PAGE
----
CRV2 SessionHandling

Revision as of 11:52, 18 October 2013 by Abbas Naderi (talk | contribs) (initial contents for session handling, needs to add checklists for other two types of attacks)

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General Considerations

  1. If the system is critical, Session IDs should be cryptographically secure (i.e non determinable)
  2. In big systems, sessions should not be stored in files (default PHP behavior). They should be stored in memory or in databases, to prevent DOS attacks on new sessions.
  3. As soon as a confidential or higher session is formed for a user, they should have all their traffic transmitted through SSL. SessionID is almost as important as passwords.
  4. A policy should be defined and forced on an application, to define the number of sessions a user can have. (One, Many, etc.) If this is left vague, it usually leads to security flaws.
  5. Sessions require a general timeout, which happens at a certain time after creation (usually a week), and an idle timeout, which happens after a certain time of the session being idle (usually 30 minutes).
  6. The idle timeout can be changed depending on the nature of the application (smaller for banking applications, larger for email composing clients)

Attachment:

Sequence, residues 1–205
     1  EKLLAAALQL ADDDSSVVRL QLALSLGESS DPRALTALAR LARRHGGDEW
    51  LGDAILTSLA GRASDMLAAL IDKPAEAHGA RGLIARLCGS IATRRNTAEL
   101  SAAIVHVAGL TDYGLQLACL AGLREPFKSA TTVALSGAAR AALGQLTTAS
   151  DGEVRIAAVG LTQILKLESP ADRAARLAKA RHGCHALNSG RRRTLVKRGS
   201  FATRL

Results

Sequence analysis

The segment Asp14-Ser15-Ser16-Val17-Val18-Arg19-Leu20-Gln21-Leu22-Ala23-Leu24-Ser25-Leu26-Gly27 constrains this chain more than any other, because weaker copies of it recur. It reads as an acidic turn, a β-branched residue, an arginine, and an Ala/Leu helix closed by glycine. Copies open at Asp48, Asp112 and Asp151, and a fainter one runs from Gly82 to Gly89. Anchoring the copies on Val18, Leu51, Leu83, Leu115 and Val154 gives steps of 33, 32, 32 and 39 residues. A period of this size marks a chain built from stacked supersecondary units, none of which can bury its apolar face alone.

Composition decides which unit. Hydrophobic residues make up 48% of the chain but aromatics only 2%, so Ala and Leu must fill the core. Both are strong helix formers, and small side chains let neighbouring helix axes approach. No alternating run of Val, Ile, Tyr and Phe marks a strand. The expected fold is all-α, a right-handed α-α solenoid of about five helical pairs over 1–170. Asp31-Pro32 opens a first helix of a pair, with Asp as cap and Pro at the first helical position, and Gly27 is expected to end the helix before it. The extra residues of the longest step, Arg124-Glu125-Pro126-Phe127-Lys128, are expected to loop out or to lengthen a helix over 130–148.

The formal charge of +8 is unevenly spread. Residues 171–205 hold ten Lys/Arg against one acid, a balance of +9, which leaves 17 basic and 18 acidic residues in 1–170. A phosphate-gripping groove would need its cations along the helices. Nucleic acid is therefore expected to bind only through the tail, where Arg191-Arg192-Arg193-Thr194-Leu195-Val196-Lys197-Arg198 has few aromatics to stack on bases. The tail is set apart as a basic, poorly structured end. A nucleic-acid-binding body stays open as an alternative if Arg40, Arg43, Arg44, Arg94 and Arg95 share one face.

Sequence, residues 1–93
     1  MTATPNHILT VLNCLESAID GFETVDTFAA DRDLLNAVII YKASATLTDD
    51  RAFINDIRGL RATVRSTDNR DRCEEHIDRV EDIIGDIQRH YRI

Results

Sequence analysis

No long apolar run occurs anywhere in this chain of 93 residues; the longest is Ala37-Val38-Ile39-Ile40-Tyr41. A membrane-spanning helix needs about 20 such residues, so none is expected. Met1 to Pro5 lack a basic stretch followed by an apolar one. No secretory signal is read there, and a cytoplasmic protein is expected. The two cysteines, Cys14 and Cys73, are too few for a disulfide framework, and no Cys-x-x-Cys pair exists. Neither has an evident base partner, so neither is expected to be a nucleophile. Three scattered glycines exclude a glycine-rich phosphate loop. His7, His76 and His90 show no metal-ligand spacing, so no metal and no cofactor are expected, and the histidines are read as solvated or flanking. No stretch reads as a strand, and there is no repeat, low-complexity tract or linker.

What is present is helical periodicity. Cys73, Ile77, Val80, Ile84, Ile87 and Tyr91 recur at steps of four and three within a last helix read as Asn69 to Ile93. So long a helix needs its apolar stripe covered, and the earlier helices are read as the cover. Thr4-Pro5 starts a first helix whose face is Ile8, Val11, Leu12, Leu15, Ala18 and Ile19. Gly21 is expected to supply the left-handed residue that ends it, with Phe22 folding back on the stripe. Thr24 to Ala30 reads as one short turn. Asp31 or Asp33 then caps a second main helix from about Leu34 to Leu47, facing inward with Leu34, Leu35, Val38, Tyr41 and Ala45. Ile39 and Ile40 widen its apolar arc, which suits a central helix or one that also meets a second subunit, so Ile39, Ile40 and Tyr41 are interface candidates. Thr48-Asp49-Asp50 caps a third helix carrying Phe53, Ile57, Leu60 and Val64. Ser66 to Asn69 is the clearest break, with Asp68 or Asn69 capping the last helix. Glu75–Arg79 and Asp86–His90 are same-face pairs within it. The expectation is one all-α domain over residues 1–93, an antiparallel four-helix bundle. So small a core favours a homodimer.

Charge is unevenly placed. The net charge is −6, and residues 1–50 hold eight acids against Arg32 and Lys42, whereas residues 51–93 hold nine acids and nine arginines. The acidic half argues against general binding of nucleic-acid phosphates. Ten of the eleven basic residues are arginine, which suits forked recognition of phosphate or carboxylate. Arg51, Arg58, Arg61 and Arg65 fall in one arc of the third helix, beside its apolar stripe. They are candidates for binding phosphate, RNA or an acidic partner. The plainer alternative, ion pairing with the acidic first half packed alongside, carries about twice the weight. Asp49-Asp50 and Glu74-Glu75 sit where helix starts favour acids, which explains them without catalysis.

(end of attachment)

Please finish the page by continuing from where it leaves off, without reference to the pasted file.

7. The idle timeout doesn't have to be precise. The application can check for it every 2 minutes, and flush all timed-out idle sessions.

Session Attacks

Generally three sorts of session attacks are possible:

  1. Session Hijacking: stealing someone's session-id, and using it to impersonate that user.
  2. Session Fixation: setting someone's session-id to a predefined value, and impersonating them using that known value
  3. Session Elevation: when the importance of a session is changed, but its ID is not.

Session Hijacking

  1. Mostly done via XSS attacks, mostly can be prevented by HTTP-Only session cookies (unless Javascript code requires access to them).
  2. It's generally a good idea for Javascript not to need access to session cookies, as preventing all flavors of XSS is usually the toughest part of hardening a system.
  3. Session-ids should be placed inside cookies, and not in URLs. URL informations are stored in browser's history, and HTTP Referrers, and can be accessed by attackers.
  4. Geographical location checking can help detect simple hijacking scenarios. Advanced hijackers use the same IP (or range) of the victim.
  5. An active session should be warned when it is accessed from another location.
  6. An active users should be warned when s/he has an active session somewhere else (if the policy allows multiple sessions for a single user).